Hunter Long has your ideal tight end skills in terms of his catching ability, he’s quicker than you’d think and he plays with good intelligence, knowing when to work back to the QB or sit down in zones. He’s not going to blow you away with his athleticism, but he will give 100% on every snap, whether that’s catching the football or blocking on the outside. He’s a productive college TE that projects well to the next level, he had 685 yards and 5 touchdowns in 2020.

6) Briley Moore

I didn’t know a thing about Moore before he transferred to Kansas State for 2020, he spent the majority of his college career at Northern Iowa. I have Moore here for two reasons, he started to scratch the surface of his receiving ability in 2020 bring in 22 passes for 228 yards and three touchdowns, and he’s one of the best run-blockers at the position. He enjoyed an excellent pro-day where he tested in the 91st percentile on the bench and the 91st percentile on the vertical. He has untapped potential, but the speed and explosiveness to get separation at any level.

7) Kylen Granson

I have Granson here because I see him more as a wide receiver than a tight end. He had excellent production at SMU, but the majority of his work came in the slot. For me he can work in a H-back role, but he’ll get blown away the majority of the time in the run game. He offers excellent YAC ability but his catch radius is small and he looks to have maxed out his frame in college. He’s a guy that could absolutely do wonders in the NFL or never make a team, I have him in the 6th round.

8) John Bates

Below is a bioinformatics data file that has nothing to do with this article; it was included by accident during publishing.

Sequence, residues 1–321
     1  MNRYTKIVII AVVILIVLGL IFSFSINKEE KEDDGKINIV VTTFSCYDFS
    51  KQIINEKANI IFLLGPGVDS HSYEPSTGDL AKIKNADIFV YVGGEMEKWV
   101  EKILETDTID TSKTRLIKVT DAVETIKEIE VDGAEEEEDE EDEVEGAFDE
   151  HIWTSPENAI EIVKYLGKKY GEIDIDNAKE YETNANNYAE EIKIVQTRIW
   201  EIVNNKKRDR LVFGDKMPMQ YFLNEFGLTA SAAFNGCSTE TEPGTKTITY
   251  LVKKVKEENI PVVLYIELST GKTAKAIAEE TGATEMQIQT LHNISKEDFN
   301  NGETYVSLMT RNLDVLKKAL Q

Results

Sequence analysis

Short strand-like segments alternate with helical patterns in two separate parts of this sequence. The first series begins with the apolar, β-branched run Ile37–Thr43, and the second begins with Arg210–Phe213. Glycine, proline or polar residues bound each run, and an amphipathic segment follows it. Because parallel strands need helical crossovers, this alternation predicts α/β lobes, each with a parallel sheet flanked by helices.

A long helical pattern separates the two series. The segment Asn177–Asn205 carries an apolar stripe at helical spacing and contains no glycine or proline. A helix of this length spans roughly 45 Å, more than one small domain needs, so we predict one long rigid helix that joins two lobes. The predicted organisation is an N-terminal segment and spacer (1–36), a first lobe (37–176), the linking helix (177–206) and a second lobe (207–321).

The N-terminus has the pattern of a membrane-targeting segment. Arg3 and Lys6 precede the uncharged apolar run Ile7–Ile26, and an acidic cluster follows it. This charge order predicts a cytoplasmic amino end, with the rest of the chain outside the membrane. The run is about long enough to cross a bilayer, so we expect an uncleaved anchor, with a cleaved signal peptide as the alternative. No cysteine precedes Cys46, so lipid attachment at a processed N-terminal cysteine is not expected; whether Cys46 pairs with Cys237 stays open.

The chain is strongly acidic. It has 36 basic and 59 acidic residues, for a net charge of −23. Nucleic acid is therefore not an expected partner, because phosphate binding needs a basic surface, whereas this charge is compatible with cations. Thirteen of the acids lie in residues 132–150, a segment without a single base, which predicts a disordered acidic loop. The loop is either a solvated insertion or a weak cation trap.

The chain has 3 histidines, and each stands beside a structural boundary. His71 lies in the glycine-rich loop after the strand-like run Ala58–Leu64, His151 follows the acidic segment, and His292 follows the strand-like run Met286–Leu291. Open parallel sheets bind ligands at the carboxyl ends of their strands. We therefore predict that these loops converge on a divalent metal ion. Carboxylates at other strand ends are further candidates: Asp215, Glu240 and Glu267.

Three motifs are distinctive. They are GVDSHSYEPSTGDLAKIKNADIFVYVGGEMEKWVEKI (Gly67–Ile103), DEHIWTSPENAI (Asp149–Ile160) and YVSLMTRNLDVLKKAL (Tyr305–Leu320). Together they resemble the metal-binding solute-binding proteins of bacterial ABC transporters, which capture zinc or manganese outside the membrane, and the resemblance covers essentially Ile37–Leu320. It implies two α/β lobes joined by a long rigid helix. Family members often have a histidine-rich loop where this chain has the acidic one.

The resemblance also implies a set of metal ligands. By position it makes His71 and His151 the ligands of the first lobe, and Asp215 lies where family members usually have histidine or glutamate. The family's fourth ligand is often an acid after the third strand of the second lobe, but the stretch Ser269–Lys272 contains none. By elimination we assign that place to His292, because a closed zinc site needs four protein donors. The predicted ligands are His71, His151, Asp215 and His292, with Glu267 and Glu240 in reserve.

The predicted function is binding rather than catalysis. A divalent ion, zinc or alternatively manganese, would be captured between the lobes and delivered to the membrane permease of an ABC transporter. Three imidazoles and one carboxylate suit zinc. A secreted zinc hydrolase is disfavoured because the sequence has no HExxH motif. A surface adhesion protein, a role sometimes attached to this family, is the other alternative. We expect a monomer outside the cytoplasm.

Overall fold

Bates has improved every year in college and he’s gone from a tweener at 229 to having ideal size for the position at 6’6 and 260lb’s. He may have had only 12 catches in 2020, but that was through game plan and QB play, as he didn’t drop a single pass this year after it was a small problem historically and was open on more plays where the QB didn’t look his way. He’s an excellent in-line blocker and he has the athleticism to block on the move as well. Bates is a shot in the dark here, I like his measurables but he had very little production in college. I wouldn’t take him before the 6th, but he’s an interesting guy to watch.

9) Tre’ McKitty

Tre is likely never going to be a reliable TE1, but he does have some upside after showing an ability to block in-line and break tackles in the Georgia offense. He had previously spent his career at Florida State where he enjoyed a solid 2018 season. he shows good form catching the ball away from his body, but doesn’t have the speed to challenge down the field.

10) Pro Wells

Wells had a disappointing pro day where he tested in the lower percentiles for the position. I was expecting him to put up some better numbers as he’s shown some good ability off the line at TCU. Hasn’t done a lot in-line as a blocker or receiver and was mostly used out of the slot, but he is a contested catch machine bringing down 9 of 14 in his career.

Notable mentions: Noah Gray, Tony Poljan, Ben Mason, Kenny Yeboah, Matt Bushman and Zach Davison. I haven’t included Jacob Harris in here as I see him as a receiver project rather than a tight end one.